• Is an average, but not a simple
                                                       A
  arithmetic average                        0 mmHg
• Heart spends longer in diastole              R = .1mmHg/ml/min
  than systole
                                           FLOW = 1000 ml/min
• Value is significant- why?
• The difference between the mean
  arterial pressure and the pressure       100 mmHg
  in the venous system drives the
  blood through the capillary beds.                       B
• MAP= .4 (systolic) + .6 (diastolic)=    20 mmHg
  96mmHg                                        R = .1mmHg/ml/min
• Venous pressure is about 2mmHg
                                          FLOW = 800 ml/min   19
            Central Venous Pressure
•   Pressure in the right atrium is called
    central venous pressure.
•   determined by the balance of the heart
    pumping blood out of the right atrium
    and flow of blood from the large veins
    into the right atrium.
•   normally 0 mmHg, but can be as high as
    20-30 mmHg.
•   More vigorous heart contraction (lower
    CVP).
•    Less heart contraction (higher CVP)
•   Factors that increase CVP:
    -    increased blood volume
    -    increased venous tone (peripheral
    pressure)
    -    dilation of arterioles                 Figure 15-9; Guyton and Hall
    -    decreased right ventricular function
    -    Skeletal and respiratory pumps

                                                                               20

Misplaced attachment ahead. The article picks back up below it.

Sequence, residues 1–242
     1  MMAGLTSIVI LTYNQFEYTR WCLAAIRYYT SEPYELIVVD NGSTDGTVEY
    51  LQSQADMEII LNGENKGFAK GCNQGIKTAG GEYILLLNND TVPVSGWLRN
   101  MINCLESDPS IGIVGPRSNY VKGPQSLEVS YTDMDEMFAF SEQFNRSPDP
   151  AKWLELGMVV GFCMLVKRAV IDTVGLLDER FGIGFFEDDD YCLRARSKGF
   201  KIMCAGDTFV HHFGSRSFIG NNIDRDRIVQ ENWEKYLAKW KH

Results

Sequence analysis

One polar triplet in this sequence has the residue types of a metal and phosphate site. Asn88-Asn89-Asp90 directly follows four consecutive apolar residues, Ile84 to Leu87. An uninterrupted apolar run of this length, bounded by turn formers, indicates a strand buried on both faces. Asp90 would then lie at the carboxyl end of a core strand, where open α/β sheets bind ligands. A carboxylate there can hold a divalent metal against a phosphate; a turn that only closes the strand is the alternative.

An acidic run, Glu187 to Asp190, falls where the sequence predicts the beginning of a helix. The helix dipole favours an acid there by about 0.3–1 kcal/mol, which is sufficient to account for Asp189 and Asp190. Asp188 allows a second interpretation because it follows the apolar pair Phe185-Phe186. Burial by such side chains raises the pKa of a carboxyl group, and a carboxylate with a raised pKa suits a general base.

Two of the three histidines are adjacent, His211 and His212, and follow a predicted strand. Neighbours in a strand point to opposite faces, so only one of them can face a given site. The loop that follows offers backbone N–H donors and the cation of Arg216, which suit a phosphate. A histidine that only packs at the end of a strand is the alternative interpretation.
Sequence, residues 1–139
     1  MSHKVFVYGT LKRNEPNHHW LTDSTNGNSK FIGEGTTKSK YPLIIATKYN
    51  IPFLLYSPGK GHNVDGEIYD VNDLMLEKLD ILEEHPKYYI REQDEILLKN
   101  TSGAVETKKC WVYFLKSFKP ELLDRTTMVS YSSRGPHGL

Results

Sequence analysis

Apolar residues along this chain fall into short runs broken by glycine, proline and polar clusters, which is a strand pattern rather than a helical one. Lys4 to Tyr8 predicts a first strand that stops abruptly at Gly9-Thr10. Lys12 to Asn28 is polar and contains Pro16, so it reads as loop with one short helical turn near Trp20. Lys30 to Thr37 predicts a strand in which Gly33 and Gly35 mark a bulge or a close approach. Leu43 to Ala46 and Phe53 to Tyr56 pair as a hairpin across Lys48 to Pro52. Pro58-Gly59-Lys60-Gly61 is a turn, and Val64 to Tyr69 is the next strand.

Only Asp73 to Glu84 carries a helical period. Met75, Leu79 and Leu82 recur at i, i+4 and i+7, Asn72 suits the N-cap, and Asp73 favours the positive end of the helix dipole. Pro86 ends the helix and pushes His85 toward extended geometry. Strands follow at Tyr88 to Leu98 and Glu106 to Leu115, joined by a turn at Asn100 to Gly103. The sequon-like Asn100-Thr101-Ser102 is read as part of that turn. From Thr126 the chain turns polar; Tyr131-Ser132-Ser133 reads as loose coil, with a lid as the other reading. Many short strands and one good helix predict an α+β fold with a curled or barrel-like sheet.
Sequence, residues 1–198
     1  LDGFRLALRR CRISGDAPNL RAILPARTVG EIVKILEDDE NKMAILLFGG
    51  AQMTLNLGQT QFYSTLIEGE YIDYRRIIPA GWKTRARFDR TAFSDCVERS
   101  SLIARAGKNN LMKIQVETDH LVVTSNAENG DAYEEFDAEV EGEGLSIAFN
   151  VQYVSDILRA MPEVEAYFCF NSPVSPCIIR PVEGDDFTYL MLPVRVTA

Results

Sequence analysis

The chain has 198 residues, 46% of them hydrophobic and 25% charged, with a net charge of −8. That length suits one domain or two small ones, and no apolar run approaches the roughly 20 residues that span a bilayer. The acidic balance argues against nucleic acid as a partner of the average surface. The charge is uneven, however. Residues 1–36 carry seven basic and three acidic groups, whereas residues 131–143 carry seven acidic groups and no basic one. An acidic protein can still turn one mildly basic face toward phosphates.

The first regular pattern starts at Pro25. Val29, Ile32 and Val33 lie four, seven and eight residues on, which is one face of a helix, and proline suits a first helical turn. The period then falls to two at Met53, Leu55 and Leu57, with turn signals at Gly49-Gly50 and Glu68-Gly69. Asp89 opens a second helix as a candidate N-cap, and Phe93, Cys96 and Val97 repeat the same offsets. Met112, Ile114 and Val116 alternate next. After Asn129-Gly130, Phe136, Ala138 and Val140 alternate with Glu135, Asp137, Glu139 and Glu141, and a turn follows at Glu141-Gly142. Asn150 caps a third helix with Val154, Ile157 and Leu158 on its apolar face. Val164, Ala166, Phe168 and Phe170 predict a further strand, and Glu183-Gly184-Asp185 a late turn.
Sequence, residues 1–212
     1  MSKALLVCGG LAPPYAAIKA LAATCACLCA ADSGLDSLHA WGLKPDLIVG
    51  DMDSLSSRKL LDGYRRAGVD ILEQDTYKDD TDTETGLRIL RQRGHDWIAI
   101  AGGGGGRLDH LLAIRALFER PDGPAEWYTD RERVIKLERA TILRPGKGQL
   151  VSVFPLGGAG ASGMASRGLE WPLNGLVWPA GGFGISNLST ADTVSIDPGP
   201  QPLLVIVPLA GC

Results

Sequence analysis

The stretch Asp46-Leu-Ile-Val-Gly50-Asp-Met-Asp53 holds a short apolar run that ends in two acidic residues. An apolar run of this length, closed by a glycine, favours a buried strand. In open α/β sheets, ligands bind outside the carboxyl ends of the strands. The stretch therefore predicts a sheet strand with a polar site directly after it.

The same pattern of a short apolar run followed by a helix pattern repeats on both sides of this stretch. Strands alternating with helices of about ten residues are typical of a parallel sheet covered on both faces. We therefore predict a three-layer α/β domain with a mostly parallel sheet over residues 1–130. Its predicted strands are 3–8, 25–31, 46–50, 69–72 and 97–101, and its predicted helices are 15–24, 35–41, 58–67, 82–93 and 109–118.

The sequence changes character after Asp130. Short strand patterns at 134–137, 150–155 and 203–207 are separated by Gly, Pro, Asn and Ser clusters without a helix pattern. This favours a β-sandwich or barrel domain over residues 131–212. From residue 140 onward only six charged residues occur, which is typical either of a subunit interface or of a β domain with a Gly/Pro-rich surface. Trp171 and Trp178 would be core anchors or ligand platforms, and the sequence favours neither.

Arterial Pulsations and Pulse Pressure
• The height of the pressure pulse is the
  systolic pressure (120mmHg), while the
  lowest point is the diastolic pressure
  (80mmHg).
• The difference between systolic and diastolic
  pressure is called the pulse pressure
  (40mmHg). Systolic Pressure


                               }    Pulse Pressure

                                                     21
                   Diastolic Pressure
Factors Affecting Pulse Pressure
• Stroke volume —increases in
stroke volume increase pulse
pressure, conversely decreases
in stroke volume decrease
pulse pressure.

• Arterial compliance —decreases in
compliance increases pulse
pressure; increases in compliance     Figure 15-5; Guyton and Hall
decrease pulse pressure.


                                                                     22
             Stroke
             volume

                                                  Stroke
  Cardiac                                         volume
  output              Systolic Pressure

         Mean
         Pressure                            }
                                             Pulse Pressure


                      Diastolic                   Arterial
Total                 Pressure        Time       compliance
Peripheral
resistance

             HR x SV = CO = MAP/ TPR
             MAP= (0.4 SP) + (0.6 DP)